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Fed Wants Hike in Reserves as Bank Risks Rise

January 16, 1986|Associated Press

WASHINGTON — The Federal Reserve Board is proposing regulations that would raise the amount of capital that banks must hold and require banks with riskier investments to have more capital than banks engaged in more conservative activities.

The Fed agreed Wednesday to seek public comment on the proposal that would supplement existing regulations governing the amount of capital that banks must have on hand to absorb unanticipated losses and ensure the safety of depositors' funds.

"This is simply another tool to deal with some of the shortcomings of our existing tools" for gauging the financial stability of banks, Fed Chairman Paul A. Volcker said. "The thrust of this moves in the right direction," he said.

The proposed regulations are needed to ensure the financial health of banks that are making riskier loans, which carry higher interest rates and the potential of higher profits. However, riskier loans pose a greater threat to a bank's financial stability because of the potential for loss.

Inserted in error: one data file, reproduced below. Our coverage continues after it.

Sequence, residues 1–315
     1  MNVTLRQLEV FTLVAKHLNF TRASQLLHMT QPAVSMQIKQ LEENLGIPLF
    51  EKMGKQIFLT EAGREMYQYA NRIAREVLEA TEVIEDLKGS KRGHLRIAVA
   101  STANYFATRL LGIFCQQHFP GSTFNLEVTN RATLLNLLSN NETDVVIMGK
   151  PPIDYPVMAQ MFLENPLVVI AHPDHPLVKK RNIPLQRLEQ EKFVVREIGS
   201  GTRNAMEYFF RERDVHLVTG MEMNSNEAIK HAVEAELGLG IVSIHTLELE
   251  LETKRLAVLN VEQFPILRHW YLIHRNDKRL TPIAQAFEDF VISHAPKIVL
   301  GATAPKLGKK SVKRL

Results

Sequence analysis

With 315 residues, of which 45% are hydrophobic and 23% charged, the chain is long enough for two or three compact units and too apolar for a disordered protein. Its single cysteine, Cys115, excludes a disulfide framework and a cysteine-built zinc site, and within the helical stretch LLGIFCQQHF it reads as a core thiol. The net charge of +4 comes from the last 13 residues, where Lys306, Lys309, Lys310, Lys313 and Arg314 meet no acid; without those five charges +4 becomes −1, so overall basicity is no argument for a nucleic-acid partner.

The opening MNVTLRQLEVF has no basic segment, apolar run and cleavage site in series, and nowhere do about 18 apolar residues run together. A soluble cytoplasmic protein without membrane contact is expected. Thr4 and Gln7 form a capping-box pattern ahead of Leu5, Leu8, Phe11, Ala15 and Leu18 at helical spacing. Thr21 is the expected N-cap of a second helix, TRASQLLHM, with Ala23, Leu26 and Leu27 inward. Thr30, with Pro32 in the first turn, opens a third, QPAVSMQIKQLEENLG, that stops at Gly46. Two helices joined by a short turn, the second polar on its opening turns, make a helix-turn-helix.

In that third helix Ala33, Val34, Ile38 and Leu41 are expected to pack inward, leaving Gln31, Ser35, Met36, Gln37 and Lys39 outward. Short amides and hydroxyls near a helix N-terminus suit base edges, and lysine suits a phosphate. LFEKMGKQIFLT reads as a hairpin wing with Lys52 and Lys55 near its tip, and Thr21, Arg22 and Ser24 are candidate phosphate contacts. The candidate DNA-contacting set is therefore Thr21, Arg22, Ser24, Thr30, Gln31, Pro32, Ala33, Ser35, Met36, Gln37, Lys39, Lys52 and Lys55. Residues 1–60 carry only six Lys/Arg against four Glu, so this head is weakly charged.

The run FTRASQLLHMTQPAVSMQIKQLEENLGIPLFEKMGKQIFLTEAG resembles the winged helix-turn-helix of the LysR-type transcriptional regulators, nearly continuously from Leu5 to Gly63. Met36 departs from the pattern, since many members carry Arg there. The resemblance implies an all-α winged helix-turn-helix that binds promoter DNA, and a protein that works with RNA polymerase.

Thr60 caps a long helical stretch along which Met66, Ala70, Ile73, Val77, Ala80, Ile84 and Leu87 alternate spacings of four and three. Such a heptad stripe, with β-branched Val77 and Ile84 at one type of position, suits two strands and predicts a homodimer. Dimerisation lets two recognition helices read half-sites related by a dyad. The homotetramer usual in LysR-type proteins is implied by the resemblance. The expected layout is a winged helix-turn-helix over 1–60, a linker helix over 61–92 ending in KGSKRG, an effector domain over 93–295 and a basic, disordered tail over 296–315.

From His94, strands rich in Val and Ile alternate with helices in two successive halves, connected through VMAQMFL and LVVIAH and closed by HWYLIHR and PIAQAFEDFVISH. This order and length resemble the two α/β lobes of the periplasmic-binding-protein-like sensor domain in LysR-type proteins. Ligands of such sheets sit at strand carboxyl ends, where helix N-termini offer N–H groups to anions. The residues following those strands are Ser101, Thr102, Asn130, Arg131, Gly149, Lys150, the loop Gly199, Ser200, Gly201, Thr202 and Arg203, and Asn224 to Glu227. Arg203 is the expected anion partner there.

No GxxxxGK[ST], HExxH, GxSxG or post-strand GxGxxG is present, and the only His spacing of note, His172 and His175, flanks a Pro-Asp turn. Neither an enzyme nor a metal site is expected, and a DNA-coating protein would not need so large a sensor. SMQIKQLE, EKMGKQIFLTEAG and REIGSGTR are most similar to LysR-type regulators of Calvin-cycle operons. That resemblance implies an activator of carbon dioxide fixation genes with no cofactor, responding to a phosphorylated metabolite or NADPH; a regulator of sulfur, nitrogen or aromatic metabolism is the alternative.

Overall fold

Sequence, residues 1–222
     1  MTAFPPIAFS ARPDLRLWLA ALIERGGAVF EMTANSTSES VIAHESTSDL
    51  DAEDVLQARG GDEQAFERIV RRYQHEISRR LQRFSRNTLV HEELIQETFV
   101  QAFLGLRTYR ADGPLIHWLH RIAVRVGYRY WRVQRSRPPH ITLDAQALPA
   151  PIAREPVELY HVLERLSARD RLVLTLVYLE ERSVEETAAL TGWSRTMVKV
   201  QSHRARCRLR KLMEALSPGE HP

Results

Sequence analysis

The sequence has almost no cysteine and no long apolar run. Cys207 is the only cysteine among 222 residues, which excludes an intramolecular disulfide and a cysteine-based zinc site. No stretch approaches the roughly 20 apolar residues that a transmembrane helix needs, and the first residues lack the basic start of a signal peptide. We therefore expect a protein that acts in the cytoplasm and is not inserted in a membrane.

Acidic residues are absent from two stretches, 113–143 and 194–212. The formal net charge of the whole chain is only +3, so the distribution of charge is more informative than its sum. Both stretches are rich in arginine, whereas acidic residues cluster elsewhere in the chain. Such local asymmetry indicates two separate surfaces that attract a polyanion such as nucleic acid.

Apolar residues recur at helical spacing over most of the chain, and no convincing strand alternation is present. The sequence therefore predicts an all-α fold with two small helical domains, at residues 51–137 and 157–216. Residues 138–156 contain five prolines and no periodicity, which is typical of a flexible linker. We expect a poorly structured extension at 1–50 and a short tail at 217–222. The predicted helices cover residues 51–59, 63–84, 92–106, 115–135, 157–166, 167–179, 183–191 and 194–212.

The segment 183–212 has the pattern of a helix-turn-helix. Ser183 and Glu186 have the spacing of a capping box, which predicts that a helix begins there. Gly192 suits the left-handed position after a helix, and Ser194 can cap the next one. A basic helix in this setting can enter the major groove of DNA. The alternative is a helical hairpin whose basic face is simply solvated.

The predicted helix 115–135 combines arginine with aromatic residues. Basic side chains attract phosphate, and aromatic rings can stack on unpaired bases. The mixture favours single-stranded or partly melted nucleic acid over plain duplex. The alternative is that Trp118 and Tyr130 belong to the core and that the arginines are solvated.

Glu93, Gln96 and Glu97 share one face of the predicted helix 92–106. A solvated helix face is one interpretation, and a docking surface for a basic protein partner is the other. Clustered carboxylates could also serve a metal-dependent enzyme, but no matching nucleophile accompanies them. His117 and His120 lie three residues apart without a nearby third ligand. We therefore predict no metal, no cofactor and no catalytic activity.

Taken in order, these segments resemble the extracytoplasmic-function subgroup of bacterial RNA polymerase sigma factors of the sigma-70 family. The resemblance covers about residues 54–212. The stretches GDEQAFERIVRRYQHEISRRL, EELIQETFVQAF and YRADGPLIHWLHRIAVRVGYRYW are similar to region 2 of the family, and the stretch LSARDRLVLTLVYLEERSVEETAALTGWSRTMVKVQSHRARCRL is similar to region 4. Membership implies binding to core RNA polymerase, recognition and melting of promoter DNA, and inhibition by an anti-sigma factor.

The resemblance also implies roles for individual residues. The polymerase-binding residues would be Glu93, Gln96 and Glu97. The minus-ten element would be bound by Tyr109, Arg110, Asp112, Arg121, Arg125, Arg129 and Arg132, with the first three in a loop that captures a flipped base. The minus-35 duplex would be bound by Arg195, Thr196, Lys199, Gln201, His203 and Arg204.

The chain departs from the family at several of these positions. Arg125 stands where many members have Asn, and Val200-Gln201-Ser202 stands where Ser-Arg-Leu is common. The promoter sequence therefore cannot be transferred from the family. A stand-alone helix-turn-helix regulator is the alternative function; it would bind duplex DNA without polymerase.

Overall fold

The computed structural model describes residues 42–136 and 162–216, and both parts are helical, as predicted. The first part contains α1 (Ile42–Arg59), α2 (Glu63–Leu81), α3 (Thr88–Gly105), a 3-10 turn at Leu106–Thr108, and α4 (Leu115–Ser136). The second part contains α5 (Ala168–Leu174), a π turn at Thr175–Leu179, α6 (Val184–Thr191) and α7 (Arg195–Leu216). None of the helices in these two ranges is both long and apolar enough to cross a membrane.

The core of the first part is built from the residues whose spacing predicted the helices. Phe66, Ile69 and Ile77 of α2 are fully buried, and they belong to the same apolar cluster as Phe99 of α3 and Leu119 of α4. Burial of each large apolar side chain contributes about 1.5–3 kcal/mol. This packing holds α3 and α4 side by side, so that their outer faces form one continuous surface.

Under the proposal, the risks of different types of assets would be rated--from vault cash at the low end with virtually no risk to unsecured commercial and foreign loans at the high end.

A bank's capital requirement would be determined by a weighted sum of the requirements for each category of assets.

Board member Martha Seger said she objected to the "cookbook approach" of the proposal, adding: "I wonder if we're unnecessarily muddying the waters."

The American Bankers Assn. also objects to the approach because it would require holding of capital in addition to the existing 6% of assets, said Kirk Willison, a spokesman for the association.

"On the whole, the industry's capital standards are quite adequate," he said. "The industry has made great strides to increase capital."

Requiring additional capital would put banks at a disadvantage to savings and loans and other financial institutions not subject to the requirements, and it could discourage banks from taking on higher risks, Willison said.

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